Pak still habours colonial designs over neighbouring AfghanistanSeptember 18th, 2008 - 4:21 pm ICT by ANI
Islamabad, Sept.18 (ANI): Pakistans desire to have a colonial like influence over neighboring Afghanistan is showing no signs of diminishing, believes a columnist for the magazine, Vanity Fair.
According to Christopher Hitchens, important circles in Pakistan have never given up the aspiration to run Afghanistan as a client or dependent or proxy state, and this colonial mindset is especially entrenched among senior army officers and in the Inter-Services Intelligence agency.
We were all warned of this many years ago. When the Clinton administration sent cruise missiles into Afghanistan in reprisal for the attacks on US embassies in East Africa, the missiles missed Osama bin Laden but did manage, if you remember, to kill two officers of the ISI. In those years, as in earlier ones, almost no tough questions were asked of Pakistan, writes Hitchens.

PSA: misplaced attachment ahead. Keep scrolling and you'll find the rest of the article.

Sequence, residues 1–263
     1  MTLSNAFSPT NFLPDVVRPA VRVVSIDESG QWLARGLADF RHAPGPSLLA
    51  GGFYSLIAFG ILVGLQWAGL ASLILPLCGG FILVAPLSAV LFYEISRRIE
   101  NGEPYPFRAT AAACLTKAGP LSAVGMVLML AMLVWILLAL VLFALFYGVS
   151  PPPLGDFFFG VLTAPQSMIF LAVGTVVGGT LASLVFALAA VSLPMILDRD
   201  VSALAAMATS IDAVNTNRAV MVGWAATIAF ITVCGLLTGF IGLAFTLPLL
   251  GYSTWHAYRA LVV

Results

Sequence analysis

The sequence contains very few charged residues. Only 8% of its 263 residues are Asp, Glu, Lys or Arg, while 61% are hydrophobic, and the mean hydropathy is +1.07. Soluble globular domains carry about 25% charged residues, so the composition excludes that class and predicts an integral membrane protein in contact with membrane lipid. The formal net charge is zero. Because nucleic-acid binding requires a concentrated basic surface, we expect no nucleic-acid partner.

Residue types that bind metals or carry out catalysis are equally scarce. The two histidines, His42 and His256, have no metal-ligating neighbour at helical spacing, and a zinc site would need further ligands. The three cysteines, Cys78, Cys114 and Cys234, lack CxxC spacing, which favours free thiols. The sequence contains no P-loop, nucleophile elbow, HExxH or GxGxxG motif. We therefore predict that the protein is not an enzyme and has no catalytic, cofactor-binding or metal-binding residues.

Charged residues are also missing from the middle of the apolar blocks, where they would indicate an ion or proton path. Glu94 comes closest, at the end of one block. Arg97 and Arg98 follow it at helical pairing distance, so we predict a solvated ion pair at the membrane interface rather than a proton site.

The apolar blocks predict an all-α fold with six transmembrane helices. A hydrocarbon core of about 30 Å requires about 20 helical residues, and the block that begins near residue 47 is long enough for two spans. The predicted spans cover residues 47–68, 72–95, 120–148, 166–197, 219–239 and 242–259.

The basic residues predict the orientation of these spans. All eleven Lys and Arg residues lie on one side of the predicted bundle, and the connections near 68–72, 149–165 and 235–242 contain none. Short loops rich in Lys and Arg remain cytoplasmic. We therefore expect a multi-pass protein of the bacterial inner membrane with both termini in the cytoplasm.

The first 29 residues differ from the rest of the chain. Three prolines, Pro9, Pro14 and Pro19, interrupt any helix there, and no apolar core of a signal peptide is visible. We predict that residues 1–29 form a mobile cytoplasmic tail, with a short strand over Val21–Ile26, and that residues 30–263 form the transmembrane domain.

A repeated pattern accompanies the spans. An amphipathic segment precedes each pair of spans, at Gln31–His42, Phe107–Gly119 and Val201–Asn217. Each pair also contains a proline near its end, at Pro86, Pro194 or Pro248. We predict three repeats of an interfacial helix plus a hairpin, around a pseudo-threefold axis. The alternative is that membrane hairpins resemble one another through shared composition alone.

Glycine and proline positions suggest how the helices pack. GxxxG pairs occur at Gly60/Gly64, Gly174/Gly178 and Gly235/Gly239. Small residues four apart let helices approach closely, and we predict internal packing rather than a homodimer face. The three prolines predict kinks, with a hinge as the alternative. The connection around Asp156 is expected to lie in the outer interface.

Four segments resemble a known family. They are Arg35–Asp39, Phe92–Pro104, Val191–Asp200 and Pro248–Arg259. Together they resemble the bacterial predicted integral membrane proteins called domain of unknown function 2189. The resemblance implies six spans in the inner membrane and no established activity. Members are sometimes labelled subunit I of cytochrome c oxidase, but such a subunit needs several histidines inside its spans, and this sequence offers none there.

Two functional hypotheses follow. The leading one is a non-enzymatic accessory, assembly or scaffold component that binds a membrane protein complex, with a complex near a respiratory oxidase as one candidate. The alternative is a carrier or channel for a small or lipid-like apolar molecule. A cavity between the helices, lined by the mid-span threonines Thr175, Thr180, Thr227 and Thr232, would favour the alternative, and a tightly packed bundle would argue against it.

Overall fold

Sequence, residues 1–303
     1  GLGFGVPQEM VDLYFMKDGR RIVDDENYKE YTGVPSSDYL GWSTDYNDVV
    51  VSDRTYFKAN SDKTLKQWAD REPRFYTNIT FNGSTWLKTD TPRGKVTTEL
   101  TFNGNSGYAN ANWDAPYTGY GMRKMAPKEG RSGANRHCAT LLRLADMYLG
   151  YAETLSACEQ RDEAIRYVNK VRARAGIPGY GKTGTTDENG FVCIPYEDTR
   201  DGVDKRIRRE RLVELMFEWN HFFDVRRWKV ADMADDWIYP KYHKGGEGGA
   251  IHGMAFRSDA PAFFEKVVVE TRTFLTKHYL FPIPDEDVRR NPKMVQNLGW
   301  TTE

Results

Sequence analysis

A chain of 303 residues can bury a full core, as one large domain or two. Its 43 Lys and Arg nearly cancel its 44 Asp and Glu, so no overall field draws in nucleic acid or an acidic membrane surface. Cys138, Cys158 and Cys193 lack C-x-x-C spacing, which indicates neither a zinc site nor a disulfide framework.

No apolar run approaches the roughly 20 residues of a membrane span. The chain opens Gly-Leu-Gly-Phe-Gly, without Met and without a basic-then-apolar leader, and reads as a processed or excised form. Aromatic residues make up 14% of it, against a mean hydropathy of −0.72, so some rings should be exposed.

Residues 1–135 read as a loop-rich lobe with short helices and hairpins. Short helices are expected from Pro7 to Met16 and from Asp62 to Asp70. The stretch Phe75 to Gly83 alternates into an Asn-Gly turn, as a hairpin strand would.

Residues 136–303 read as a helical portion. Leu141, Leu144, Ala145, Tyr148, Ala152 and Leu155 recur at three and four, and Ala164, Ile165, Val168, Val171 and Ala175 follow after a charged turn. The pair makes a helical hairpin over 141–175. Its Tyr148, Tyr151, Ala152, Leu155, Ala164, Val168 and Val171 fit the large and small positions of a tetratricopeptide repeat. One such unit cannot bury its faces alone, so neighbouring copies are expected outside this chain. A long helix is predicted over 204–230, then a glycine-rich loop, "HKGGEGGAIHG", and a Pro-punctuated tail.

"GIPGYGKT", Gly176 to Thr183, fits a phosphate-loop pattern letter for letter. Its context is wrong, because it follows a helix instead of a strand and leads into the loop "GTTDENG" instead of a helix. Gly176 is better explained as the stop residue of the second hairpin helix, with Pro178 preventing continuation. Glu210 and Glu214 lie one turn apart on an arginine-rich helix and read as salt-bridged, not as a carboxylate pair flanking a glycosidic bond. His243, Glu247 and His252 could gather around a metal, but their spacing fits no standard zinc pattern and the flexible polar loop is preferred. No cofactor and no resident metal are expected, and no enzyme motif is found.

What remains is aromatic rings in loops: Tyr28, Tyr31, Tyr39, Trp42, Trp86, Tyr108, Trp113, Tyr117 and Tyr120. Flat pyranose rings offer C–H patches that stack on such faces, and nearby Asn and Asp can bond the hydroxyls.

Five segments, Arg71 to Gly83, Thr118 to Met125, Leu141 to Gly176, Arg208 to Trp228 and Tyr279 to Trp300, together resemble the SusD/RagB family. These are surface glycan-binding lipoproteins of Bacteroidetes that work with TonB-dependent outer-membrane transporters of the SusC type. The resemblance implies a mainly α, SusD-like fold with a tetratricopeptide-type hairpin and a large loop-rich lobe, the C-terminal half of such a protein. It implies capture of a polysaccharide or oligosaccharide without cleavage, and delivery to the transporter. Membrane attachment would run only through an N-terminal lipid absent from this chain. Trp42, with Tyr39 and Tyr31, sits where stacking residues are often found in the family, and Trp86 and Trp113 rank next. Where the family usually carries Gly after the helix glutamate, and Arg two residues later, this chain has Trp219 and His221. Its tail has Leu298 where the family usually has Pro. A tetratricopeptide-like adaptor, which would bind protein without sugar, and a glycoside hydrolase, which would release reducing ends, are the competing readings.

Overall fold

The very name Pakistan inscribes the nature of the problem.
It is not a real country or nation but an acronym devised in the 1930s by a Muslim propagandist for partition named Choudhry Rahmat Ali. It stands for Punjab, Afghania, Kashmir and Indus-Sind. The -stan suffix merely means land, he further says.
In the Urdu language, the resulting acronym means land of the pure. It can be easily seen that this name expresses expansionist tendencies and also conceals discriminatory ones. Kashmir, for example, is part of India. The Afghans are Muslim but not part of Pakistan. Most of Punjab is also in India, he adds.
The P comes first only because Pakistan is essentially the property of the Punjabi military caste, says Hitchen.
He believes that on Pakistani soil and under the noses of its army and the ISI, the city of Quetta and the so-called Federally Administered Tribal Areas are becoming the incubating ground of a reorganised and protected al-Qa”ida. (ANI)
Tags: army officers, aspiration, caste, christopher hitchens, clinton administration, cruise missiles, east africa, intelligence agency, inter services, islamabad, kashmir, neighbouring afghanistan, propagandist, quetta, rahmat ali, reprisal, tough questions, tribal areas, urdu language, vanity fair